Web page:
Just As I Was Begining To Worry.

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Simon E.
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Just As I Was Begining To Worry.

Post by Simon E. »

Each year we have a population of migrant birds here in the UK, they arrive for the summer after spending the winter in Africa. They include martins and swallows, extraordinary skilful flyers, and best of all, swifts, who live up to their name by performing the most amazing aerobatics through the summer skies.
This year they were very late arriving..held up by weird unseasonal weather apparently. I was scanning the skies for any sign day after day..
Well to cut a long story short they are here. As I write they are wheeling and swooping above the balcony hunting the mayflies that are hatching from the river. My heart soars with them.
“You don’t know it. You just know about it. That is not the same thing.”

Chogyam Trungpa Rinpoche to me.
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SunWuKong
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Location: Alexandria, Virginia, USA
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Re: Just As I Was Begining To Worry.

Post by SunWuKong »

Glad to hear this! I’m in the USA and we no longer have honey bees in our yard, in fact I haven’t seen any in years.
"We are magical animals that roam" ~ Roam
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well wisher
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Re: Just As I Was Begining To Worry.

Post by well wisher »

Agreed,it is heartening to see wildlife thrive, especially the non-harmful ones.
Hopefully the honey bees make a return. At least, I do have observed bees in the wild at more isolated park regions in Canada.
Just not near human-crowded places or backyards. Maybe the bees have evolved to be more tame & wiser to avoid humans, for increased chance of survival? Like to avoid getting accidentally stomped on.

In that line of thinking, check out this article, or other related ones on the internet:
https://www.worldatlas.com/articles/15- ... again.html
15 Previously Extinct Animals Who Were Rediscovered
Do not underestimate nature, nor the simple will to survive!
That include all of us humans as well.
Misty
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Re: Just As I Was Begining To Worry.

Post by Misty »

I know that feeling of heart soaring relief and joy.

In the past two years I've enjoyed watching the return of the bumblebee.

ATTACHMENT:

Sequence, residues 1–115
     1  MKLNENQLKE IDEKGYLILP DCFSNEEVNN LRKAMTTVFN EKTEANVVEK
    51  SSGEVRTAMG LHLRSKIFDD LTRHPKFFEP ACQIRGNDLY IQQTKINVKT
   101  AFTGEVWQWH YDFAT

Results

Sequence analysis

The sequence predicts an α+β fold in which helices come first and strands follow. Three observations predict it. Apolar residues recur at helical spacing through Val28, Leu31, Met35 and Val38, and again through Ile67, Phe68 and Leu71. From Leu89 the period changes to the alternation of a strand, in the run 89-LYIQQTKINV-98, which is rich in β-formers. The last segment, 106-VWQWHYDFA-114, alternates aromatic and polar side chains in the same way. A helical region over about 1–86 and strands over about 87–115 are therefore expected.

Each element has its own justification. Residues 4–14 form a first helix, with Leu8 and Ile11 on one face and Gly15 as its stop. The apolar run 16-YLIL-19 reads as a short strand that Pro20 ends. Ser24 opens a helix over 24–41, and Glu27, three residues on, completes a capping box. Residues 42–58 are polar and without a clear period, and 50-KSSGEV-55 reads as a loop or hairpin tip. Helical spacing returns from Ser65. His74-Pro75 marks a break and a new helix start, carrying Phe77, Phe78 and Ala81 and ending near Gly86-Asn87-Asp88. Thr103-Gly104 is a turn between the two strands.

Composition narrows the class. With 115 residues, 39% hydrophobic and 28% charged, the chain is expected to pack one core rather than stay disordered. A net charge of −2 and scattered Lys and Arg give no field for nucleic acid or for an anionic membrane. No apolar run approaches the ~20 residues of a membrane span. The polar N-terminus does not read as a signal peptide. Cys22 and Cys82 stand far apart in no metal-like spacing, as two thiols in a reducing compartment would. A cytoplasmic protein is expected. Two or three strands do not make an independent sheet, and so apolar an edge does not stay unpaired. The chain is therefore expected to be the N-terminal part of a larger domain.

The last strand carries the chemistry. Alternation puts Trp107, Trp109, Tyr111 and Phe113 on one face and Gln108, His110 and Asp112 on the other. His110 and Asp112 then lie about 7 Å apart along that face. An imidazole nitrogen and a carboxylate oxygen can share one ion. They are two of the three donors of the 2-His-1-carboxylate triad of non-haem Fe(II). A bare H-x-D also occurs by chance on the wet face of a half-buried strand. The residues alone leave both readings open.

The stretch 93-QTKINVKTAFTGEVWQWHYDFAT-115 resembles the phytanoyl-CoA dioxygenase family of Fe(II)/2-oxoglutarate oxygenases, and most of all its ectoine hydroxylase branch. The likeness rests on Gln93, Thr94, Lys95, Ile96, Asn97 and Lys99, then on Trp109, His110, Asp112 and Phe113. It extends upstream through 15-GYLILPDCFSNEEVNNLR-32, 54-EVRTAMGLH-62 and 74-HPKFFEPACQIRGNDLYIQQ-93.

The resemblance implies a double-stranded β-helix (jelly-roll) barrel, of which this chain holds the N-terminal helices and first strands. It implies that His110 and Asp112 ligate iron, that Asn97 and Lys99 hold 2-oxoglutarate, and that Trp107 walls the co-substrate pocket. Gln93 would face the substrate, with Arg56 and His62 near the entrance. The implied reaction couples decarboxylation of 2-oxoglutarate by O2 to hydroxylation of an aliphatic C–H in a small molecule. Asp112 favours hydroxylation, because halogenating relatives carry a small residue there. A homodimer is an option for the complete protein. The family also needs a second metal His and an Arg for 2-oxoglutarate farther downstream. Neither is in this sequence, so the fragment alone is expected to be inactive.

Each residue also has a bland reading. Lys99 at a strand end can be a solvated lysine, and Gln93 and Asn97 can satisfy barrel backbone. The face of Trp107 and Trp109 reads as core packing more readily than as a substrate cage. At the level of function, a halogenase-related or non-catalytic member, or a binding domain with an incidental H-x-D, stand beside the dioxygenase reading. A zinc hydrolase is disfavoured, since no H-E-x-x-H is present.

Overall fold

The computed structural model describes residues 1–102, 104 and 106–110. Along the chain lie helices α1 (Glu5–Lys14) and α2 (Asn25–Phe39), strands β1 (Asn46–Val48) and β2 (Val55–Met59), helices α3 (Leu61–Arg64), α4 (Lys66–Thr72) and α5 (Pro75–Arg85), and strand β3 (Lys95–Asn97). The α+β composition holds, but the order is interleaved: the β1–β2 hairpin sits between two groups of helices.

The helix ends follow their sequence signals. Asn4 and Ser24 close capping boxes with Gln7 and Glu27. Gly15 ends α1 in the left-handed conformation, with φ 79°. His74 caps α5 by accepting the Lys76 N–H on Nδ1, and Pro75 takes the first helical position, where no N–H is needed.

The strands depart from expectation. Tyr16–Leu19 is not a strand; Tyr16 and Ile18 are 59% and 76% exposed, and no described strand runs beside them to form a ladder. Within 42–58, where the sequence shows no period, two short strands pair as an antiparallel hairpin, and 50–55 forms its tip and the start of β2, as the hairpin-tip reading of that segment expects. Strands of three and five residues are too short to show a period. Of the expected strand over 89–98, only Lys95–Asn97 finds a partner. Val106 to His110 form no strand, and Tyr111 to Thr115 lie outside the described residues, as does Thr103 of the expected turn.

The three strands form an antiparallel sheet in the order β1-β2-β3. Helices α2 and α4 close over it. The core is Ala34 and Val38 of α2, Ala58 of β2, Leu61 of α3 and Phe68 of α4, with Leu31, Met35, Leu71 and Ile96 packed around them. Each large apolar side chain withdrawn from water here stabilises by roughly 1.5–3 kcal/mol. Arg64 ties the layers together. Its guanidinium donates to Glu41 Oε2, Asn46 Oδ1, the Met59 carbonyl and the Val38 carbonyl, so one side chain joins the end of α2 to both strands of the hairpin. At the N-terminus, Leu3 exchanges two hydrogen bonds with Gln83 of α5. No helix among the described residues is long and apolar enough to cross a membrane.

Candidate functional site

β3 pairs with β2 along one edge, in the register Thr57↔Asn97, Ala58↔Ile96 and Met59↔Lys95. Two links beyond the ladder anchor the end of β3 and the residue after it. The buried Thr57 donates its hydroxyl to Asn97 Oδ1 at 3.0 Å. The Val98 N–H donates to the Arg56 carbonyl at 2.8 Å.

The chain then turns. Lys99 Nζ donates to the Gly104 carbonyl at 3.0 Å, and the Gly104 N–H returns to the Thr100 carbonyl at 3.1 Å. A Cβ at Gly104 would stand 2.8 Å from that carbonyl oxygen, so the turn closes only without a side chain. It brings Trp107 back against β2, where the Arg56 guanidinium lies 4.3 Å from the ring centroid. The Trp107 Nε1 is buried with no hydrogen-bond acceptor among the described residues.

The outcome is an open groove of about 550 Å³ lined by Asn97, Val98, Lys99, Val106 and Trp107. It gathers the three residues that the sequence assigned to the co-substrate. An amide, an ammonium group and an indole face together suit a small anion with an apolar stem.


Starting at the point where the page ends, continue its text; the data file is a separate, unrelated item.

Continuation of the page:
For many years I had not seen even one but after the ban of garden and lawn
pesticides and weed killers, they are now visibly rebounding.
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well wisher
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Re: Just As I Was Begining To Worry.

Post by well wisher »

Misty wrote: Mon May 27, 2019 7:52 pm I know that feeling of heart soaring relief and joy.

In the past two years I've enjoyed watching the return of the bumblebee.

For many years I had not seen even one but after the ban of garden and lawn
pesticides and weed killers, they are now visibly rebounding.
Good points, feels like overuse of pesticide & modern is a key factor in the inadvertent decline of bees and other insects, affecting all the way up of the food chain to animals too.
I also feel too many of our modern society is way too reliant on man-made artificial chemicals (that may not be fully tested or designed well),
causing many health problems and to the ecosystems too.
Other posters on this forum made a valid point that some natural substances and matters and related dependencies might be too complicated for chemical labs to replicate, at least for our modern technologies.
Suggestion: discourage the use of all pesticides, until it can be re-formulated to target only the locusts?
narhwal90
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Re: Just As I Was Begining To Worry.

Post by narhwal90 »

The family and I visited some friends who are doing the local small farm thing- so far they are a 0 pesticide operation; chickens in mobile coops, rotating around the fields and a bunch of beehives. The bees are happy there, strong hives and lots of honey, they are constantly sold out. They structure the honey harvesting and maintenance to minimize disturbances to the hives all year round and put in a lot detailed work overwinter- I have the impression that sort of approach is only feasible in small-scale operations. Today I spent a fun few moments watching one of their bees going about his rounds on some flowers.
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